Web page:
Urban gardens and community orchards are never quite how I envision they should be–something like an orchard out of a juice commercial on television, laden with ripe fruit. The reality is that most ripe apples are out of reach, the remainder are green, mainly nibbled and even more loll at the foot of the trunk, hidden in the grass or nearby bushes.
What make these orchards different is the closeness. The fruit, though sometimes it may be difficult to nice, is quite abruptly there. It is a closeness that extends not only to hidden strawberries and dry saskatoon berries, but to the hail-pockmarked and bruised apples littering the ground. It’s probably only something I started appreciating recently when a lady who works at a community orchard passed us a bag full of windfall apples she had collected from the ground this past fall.I decided on a tarte tatin, where a deep golden brown caramel will camouflage even the most thoroughly bruised apple. Besides, the apples had retained sufficient structural integrity to destine them for more than apple sauce.
Beyond the practical aspects, I also wanted to make something very very much about the apples. While I intended to, in some manner or another, transform the apples (or at the very least, well trim the apples), these were not trivial apples. Apples are never trivial, but these ones in particular, after being collected and given to us, deserved to be heard. Or, at the very least, tasted.This is tarte tatin the way my (Chinese) grandpa taught me to make it (except with a lot less butter). It is simple and intuitive, because there is little that can go terribly wrong with butter and sugar and apples. For a while it was always the dessert of choice either of us would make. A few slices would be traded back and forth, accompanied by some comments on the crust, the caramelization, the crispness, and form.
The comments we made were never with the strict intention and purpose of improvement. The method was always so vague and lacked the systematic nature of a protocol that would have allowed for rigour and evaluation. These days I notice that I’ve probably developed sufficient common sense that this tarte tatin, completely out of the blue and with little reference beyond my vague memories of previous days, turned out just fine.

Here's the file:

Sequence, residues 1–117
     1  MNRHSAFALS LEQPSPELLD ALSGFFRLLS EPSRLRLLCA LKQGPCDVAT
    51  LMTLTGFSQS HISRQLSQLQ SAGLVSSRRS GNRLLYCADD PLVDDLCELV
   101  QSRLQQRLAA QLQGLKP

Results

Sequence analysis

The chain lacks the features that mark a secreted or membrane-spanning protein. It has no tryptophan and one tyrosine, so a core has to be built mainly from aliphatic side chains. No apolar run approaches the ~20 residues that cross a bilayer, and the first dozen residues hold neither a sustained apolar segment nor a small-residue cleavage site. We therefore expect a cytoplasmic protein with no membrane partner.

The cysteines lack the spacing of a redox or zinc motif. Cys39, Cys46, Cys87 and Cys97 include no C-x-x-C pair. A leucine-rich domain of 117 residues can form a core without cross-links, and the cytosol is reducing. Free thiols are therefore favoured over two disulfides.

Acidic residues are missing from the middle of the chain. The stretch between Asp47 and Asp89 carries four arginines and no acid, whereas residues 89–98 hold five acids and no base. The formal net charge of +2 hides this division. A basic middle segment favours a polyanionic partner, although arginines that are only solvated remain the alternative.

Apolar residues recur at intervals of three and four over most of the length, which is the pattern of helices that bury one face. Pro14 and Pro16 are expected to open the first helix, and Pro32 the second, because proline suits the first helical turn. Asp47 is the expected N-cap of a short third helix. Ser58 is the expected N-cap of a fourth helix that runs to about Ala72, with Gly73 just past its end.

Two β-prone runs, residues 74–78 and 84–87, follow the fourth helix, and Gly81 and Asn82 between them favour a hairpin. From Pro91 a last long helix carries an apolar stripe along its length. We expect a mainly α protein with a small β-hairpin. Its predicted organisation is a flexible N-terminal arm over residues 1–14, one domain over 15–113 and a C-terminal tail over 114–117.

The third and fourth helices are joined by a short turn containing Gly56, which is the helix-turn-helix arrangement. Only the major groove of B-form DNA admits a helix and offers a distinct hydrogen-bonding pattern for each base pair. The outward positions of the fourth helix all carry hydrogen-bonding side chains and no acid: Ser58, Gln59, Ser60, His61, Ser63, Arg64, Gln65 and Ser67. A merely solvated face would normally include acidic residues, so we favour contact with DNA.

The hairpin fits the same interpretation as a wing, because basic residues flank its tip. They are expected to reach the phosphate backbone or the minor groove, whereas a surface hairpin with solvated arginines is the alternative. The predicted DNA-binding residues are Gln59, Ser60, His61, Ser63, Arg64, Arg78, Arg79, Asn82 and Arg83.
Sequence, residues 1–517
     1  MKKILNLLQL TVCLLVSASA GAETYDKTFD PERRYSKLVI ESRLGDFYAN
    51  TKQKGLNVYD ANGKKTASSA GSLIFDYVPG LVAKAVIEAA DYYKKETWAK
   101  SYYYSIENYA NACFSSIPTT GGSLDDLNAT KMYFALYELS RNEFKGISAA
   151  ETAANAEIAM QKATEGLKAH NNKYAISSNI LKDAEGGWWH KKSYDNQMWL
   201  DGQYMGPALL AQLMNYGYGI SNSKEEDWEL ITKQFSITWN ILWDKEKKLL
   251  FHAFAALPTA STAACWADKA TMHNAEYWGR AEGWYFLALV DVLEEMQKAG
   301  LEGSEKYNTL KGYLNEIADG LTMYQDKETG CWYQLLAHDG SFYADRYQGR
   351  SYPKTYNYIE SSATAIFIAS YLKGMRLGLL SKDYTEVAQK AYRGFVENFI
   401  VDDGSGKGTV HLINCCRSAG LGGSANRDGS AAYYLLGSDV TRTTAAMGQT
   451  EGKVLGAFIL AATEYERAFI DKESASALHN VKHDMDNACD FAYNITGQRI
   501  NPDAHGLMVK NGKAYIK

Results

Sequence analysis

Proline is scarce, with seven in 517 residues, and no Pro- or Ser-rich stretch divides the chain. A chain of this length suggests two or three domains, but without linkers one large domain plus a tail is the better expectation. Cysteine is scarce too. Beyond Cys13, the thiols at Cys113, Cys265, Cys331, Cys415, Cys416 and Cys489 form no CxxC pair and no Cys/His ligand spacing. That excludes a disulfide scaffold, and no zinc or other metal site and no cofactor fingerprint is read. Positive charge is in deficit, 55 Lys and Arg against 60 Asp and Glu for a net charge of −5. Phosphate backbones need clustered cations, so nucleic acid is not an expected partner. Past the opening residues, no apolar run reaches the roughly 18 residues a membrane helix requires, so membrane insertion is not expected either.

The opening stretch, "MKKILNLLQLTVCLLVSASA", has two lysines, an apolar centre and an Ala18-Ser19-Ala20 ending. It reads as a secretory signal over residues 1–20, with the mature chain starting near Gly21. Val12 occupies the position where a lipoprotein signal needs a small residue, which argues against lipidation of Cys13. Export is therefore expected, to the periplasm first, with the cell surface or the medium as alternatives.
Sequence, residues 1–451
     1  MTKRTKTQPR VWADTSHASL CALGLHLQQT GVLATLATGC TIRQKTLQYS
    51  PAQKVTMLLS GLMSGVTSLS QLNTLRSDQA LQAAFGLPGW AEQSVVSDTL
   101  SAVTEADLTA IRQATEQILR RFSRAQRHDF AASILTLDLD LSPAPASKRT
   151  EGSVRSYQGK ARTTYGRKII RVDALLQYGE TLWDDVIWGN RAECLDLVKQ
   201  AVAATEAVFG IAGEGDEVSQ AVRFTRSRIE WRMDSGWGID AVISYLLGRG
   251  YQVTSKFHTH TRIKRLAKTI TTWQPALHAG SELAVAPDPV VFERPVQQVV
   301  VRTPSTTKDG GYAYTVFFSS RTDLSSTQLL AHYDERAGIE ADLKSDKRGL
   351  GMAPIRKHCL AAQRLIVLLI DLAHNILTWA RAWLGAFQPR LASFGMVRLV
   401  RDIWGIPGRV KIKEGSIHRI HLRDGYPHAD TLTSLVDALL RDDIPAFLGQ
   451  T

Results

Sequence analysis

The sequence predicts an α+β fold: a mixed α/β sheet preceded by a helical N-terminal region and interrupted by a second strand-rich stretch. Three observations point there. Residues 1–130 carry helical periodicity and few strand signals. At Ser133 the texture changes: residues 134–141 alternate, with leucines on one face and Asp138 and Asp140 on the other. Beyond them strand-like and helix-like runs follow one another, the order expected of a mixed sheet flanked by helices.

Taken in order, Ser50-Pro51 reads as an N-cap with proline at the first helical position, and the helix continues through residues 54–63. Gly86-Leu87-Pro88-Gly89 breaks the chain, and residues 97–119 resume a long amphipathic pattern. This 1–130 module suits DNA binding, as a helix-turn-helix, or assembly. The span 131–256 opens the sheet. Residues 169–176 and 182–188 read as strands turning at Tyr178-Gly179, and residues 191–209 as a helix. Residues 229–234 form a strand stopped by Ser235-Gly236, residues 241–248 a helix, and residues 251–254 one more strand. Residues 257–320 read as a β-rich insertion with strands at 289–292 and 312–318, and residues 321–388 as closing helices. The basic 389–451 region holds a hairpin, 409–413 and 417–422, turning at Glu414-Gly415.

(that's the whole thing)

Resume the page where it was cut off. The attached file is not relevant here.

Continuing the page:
The key, I believe, is attaining proper caramelization. I wouldn’t worry about burning; the addition of the apples provides sufficient moisture to prevent the bottom from scorching, so the caramel can be as deep as you like. In the past I also used to partially cook the apples on the stovetop. I decided that wasn’t necessary, and this time just layered the apples in, threw the pastry overtop, and set it immediately in the oven. Perhaps it took longer, but by the time the pastry was browned, the apples were tender but not overcooked.
Do enjoy, particularly if a sudden windfall (of apples) comes your way.windfall tarte tatin
~3 tbsp butter
~3/4 c sugar
pastry, of any sort; I made a batch like what I made here, scaled to 1 stick of butter
Preheat the oven to 375F.
Peel, quarter and core the apples. Melt the butter in a cast iron pan, sprinkle the sugar overtop, and cook until it forms a deep caramel. Arrange the apple slices overtop.
Roll out the pastry and tuck over the apples. Bake the tarte tatin for around half an hour or until the pastry is browned and the apples below are cooked through.